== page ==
Canada passes law banning holding dolphins and whales in captivity

'We have a moral obligation to phase out the capture and retention of animals for profit and entertainment,' says former senator who introduced legislation

Clark Mindock
New York
Wednesday 12 June 2019 00:55 BST

Dolphins and whales in Canada will soon be guaranteed freedom from captivity when a federal “Free Willy” bill becomes law at the end of the month.

The law, which bans holding the animals in captivity or for breeding, was passed this week by Canada’s parliament and has been hailed by animal rights activists.

Under the new law, violations will be punishable with fines up to 200,000 Canadian dollars (about $150,000 or £118,000).

“Today is a really good day for animals in Canada,” Elizabeth May, the Green Party leader in the country, said after the bill’s passage.

“Canadians have been clear, they want the cruel practice of keeping whales and dolphins in captivity to end,” she said in a separate statement.

The bill will have notable exceptions - the animals that are already being held will be allowed to be kept in captivity, and marine animals can be held for a short time for rehabilitation from injury, or for scientific research.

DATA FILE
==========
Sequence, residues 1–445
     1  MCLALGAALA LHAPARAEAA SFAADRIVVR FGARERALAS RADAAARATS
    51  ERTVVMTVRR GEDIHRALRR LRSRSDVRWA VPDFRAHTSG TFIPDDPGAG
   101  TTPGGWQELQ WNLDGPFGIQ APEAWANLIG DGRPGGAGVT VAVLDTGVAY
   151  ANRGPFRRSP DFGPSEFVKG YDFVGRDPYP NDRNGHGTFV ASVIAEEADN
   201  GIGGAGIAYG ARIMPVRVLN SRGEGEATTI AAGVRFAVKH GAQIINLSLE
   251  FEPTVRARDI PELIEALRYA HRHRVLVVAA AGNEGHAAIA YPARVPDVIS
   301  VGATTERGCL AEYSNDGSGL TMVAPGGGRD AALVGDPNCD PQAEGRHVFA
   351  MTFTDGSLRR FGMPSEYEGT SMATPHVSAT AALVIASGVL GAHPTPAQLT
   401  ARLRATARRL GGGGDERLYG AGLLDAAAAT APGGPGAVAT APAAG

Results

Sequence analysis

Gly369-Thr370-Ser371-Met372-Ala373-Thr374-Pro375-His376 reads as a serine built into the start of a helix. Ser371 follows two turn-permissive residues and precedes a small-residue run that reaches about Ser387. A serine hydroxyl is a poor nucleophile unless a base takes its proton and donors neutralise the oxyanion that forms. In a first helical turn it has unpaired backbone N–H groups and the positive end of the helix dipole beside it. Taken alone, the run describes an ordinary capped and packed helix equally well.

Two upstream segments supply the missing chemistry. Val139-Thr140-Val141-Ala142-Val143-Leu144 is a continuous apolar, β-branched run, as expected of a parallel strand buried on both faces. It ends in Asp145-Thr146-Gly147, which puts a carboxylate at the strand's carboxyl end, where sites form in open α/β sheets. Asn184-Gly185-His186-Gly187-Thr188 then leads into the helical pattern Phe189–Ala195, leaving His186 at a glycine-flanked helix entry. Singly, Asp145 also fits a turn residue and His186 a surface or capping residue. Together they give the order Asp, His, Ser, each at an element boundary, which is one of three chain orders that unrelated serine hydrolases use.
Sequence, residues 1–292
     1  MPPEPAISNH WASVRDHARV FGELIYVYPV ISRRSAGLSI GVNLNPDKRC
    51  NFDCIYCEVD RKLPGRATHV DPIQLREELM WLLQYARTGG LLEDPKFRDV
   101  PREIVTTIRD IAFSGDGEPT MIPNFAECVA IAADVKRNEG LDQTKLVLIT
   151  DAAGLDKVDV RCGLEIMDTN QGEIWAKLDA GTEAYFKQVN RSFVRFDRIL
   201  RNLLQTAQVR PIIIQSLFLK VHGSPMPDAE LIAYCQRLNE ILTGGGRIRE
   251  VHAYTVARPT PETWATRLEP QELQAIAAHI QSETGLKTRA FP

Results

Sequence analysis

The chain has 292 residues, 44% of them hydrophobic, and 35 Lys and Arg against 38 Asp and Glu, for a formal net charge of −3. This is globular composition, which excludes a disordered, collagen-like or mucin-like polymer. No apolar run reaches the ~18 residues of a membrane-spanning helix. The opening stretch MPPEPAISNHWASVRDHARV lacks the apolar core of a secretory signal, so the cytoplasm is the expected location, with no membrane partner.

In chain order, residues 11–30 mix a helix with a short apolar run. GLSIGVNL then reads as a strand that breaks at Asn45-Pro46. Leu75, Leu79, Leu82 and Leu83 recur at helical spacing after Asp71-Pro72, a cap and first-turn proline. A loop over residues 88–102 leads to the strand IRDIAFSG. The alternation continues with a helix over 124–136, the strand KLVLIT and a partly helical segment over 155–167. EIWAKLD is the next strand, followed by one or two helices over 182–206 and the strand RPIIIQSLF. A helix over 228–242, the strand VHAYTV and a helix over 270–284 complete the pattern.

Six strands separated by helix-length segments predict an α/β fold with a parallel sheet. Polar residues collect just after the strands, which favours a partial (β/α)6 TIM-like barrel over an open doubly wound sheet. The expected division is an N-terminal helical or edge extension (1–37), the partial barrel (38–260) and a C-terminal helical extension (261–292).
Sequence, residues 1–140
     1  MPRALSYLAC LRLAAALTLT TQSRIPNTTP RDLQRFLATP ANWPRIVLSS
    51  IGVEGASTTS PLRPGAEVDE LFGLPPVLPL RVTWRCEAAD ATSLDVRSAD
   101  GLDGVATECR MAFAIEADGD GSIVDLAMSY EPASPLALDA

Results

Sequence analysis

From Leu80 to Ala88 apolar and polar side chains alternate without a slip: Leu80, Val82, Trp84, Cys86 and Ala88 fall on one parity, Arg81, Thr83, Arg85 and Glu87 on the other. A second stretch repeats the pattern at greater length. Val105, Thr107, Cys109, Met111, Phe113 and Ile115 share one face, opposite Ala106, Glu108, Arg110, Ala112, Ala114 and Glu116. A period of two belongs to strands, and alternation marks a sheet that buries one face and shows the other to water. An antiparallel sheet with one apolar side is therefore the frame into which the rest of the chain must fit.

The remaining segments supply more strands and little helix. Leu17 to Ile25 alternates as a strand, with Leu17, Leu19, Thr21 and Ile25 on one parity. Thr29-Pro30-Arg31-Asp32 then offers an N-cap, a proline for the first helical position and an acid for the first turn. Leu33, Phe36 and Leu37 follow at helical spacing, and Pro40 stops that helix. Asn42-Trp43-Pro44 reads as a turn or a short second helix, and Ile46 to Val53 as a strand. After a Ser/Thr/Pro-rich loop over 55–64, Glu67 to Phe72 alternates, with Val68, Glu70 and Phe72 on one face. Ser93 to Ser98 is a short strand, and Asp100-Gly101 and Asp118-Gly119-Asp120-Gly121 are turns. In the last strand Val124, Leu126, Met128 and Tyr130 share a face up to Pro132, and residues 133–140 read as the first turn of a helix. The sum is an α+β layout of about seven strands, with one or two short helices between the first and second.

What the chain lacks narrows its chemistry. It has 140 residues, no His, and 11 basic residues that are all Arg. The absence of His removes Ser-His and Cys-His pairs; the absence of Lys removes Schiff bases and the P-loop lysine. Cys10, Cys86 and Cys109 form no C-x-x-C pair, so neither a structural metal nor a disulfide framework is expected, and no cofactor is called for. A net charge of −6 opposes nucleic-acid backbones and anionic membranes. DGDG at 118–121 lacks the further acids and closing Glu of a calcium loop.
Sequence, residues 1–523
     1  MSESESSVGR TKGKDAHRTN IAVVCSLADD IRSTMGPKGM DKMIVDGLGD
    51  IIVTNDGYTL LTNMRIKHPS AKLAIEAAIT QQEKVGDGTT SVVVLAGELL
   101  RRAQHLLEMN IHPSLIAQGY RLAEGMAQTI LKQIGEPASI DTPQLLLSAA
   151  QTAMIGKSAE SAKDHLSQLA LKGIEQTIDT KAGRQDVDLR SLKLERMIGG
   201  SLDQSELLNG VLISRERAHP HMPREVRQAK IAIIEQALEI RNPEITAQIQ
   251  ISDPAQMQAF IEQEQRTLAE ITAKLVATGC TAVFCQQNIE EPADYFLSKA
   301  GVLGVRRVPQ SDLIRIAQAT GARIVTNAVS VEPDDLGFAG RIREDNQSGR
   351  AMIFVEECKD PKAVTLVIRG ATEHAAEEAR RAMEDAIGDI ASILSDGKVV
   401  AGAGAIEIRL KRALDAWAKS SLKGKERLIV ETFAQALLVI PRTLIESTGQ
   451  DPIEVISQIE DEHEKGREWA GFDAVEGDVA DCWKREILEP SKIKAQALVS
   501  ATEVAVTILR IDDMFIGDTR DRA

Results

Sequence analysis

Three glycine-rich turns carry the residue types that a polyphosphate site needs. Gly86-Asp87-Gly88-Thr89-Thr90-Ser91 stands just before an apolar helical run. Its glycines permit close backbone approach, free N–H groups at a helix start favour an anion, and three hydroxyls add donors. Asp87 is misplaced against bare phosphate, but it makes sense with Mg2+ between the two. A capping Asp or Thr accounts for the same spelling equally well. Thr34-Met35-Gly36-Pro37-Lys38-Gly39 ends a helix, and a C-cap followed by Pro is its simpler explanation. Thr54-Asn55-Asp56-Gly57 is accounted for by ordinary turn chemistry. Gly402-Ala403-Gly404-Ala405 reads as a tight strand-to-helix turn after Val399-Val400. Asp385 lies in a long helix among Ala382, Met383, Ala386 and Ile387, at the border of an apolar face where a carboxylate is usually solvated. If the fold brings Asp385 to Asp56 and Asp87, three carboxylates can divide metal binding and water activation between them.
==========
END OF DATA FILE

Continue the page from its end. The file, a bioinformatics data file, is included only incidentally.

Former senator Wilfred Moore, who first introduced the legislation in 2015, said in a statement that phasing out the captivity was a “moral obligation”.

“We have a moral obligation to phase out the capture and retention of animals for profit and entertainment,” Mr Moore said in a statement. "Canadians are calling upon us to do better – and we have listened.”

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The passage of the bill “notably impacts Marineland, the Niagara Falls amusement park and zoo that is considered the last Canadian park committed to keeping cetaceans in captivity,” the CBC reports.

The park had initially resisted the legislation, but said on Monday that their position had evolved and that they plan on complying with the new law.

The Vancouver Aquarium, which also held the animals in captivity, bowed to public opposition last year on the issue.

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